Apple Pays $400 Million to Settle E-Book Pricing Conspiracy
Published on: 16th Jul 2014
Note -- this news article is more than a year old.
Apple has agreed to pay USD400 million to settle allegations against it following a price fixing conspiracy concerning how it set the prices of e books sold through its iTunes store.
The settlement agreement, which must be approved by a New York court, has the potential to result in payments to consumers of $400 million, and would resolve claims for consumer damages and civil penalties brought by New York and 32 other states and territories.
"This settlement proves that even the biggest, most powerful companies in the world must play by the same rules as everyone else," said Attorney General Schneiderman. "In a major victory, our settlement has the potential to result in Apple paying hundreds of millions of dollars to consumers to compensate them for paying unlawfully inflated E-book prices."
Under the settlement, the amount that Apple must pay E-book consumers is contingent on what happens in Apple's appeal of the court's July 2013 finding that Apple violated antitrust laws by orchestrating a conspiracy with five publishers to artificially raise E-book prices.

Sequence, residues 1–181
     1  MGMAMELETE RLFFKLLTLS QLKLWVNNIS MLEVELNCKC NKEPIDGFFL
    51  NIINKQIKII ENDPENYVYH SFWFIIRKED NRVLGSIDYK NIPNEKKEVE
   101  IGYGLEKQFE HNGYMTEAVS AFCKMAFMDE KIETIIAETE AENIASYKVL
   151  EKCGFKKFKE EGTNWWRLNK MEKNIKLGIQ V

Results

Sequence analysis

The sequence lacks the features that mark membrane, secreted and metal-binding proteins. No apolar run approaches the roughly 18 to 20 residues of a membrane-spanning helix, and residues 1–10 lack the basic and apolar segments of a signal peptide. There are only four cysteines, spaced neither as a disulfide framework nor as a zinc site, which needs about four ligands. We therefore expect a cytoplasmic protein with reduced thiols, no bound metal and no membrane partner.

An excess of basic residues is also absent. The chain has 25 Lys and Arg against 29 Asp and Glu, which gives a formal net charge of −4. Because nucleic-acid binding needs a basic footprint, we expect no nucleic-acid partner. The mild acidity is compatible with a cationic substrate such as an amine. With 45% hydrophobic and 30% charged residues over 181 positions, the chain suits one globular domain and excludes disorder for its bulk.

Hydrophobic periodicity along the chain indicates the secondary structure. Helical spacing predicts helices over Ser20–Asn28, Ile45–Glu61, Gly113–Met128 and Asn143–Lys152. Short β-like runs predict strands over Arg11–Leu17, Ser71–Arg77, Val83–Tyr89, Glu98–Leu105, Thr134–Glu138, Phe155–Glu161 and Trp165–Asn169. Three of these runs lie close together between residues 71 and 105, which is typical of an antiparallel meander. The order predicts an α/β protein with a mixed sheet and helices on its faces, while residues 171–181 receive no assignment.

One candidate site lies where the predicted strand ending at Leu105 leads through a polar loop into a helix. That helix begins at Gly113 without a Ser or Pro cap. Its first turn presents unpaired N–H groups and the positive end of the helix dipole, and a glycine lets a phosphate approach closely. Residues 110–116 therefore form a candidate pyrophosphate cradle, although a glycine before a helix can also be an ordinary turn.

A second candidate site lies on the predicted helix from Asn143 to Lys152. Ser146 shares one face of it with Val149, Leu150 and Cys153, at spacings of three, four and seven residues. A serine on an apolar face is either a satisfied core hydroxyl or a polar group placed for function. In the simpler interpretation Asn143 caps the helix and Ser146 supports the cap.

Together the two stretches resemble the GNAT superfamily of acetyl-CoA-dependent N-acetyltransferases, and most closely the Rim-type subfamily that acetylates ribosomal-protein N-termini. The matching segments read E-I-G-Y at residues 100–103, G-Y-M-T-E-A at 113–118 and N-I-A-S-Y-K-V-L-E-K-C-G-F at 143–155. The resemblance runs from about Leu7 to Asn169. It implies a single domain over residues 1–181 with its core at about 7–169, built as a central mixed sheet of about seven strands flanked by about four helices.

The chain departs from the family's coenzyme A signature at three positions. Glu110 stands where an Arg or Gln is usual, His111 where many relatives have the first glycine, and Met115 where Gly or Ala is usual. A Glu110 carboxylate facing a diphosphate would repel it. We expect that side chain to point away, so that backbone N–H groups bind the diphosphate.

If the Court's ruling is not affirmed, the settlement provides for a smaller recovery of $50 million if liability must be retried, or no recovery if Apple is determined not to have violated antitrust laws.
Any amount received by consumers pursuant to the settlement with Apple will be in addition to those amounts already recovered from several E-book publishers. E-book purchasers nationwide have already received compensation from $166 million in settlement funds paid by the five publishers involved in the conspiracy - Penguin; Macmillan; Hachette; HarperCollins and Simon & Schuster.
Many E-Book consumers received these funds through automatic credits sent by Amazon and other E-book retailers.
The E-book antitrust cases involved lawsuits brought by the state attorneys general, a related action by the U.S. Department of Justice, and a related class action brought by private counsel representing consumers in 18 additional states. New York, together with Texas and Connecticut, played a leading role in the state AG cases during the damages phase of the litigation. Apple has also agreed to make a payment of attorneys' fees to counsel in the class action in the event that there is a consumer recovery under the settlement.